Wandering Large Iceberg Will Soon ‘Die Off’

NASA has recently released a photo of the largest iceberg that started its journey in 2000. It seems that the largest iceberg, called B-15 that separated from Antarctica’s Ross Ice Shelf eighteen years ago is close to ending his voyage.

The size of B-15 was almost the size of Connecticut (160 nautical miles long and 20 nautical miles wide). But along its journey, it got broken into small pieces that melted away. Now, there are four huge pieces. One of the is almost dying off, according to evidence from the National Ice Center.

Approaching Its End

The part of the iceberg that is now getting near its end is called B-15Z. NASA, astronauts aboard the International Space Station, snapped a photo of it on May 22, showing that its size is now ten nautical miles long and five nautical miles wide.

The agency believes that, even though the size makes this iceberg “trackable,” it will soon disintegrate into small pieces and melt. The photo already shows fissures at the center, and around the ages, pieces of the iceberg are falling off.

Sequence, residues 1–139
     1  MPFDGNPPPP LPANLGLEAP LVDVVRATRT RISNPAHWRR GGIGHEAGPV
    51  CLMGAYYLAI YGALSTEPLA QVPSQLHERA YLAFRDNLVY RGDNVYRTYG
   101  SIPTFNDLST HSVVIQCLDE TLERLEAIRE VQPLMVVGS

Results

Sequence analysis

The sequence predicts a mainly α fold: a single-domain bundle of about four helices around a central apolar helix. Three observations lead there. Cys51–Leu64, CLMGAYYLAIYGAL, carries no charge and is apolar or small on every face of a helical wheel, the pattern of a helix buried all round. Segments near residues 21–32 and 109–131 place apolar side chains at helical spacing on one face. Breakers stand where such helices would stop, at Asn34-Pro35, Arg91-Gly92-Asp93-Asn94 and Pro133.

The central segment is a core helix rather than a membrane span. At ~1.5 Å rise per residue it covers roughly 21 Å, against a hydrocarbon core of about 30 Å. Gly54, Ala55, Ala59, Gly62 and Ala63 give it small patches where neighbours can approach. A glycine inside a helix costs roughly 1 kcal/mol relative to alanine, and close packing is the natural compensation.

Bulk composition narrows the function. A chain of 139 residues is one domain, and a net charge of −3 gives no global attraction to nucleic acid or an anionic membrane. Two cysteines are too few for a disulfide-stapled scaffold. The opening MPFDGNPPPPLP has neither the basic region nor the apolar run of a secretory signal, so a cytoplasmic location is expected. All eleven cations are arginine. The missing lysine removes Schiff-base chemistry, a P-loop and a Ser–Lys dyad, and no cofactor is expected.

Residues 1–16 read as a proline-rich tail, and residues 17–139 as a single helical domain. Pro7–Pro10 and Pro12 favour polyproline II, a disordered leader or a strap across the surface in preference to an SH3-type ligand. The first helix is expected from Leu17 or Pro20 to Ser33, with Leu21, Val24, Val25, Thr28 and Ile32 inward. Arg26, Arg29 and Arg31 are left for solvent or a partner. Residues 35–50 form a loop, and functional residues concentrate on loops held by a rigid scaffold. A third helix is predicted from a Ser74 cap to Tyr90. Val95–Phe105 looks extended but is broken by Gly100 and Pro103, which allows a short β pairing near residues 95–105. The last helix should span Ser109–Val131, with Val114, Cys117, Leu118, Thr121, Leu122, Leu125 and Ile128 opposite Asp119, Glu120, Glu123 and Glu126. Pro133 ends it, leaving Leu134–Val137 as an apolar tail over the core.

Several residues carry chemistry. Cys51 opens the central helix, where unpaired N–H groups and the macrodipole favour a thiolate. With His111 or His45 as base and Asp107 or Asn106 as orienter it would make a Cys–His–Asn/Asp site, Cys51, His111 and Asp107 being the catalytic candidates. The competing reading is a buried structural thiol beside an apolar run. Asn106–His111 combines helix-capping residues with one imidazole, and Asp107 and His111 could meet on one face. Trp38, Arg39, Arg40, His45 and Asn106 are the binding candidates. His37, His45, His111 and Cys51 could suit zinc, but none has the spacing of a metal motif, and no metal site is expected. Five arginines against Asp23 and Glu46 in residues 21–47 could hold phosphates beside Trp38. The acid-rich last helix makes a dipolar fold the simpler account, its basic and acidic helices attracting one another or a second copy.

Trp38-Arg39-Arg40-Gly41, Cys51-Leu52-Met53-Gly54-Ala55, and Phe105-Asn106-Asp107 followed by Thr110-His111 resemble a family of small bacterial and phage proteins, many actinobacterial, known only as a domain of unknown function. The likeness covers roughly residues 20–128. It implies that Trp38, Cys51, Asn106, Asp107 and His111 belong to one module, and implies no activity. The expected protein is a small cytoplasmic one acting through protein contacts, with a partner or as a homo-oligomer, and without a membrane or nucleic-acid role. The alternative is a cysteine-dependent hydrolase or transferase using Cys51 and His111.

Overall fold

The currents took B-15Z for a trip, and by 22 May it was close to South Georgia Islands. NASA explained that “icebergs that make it this far have been known to rapidly melt and end their life cycles here.”

Kelly Brunt is a NASA glaciologist, and knows that B-15Z is close to its end:

“They tend to pond with water, which then works its way through the iceberg like a set of knives.”

What NASA didn’t mention is if climate change has something to do with the rapid melting of the iceberg. However, a couple of months ago, a study showed that the ice sheet in Antarctica is melting five times faster than it was previously expected, due to the warm ocean water that melts the ice under the seabed.

Doris’s passion for writing started to take shape in college where she was editor-in-chief of the college newspaper. Even though she ended up working in IT for more than 7 years, she’s now back to what he always enjoyed doing. With a true passion for technology, Doris mostly covers tech-related topics.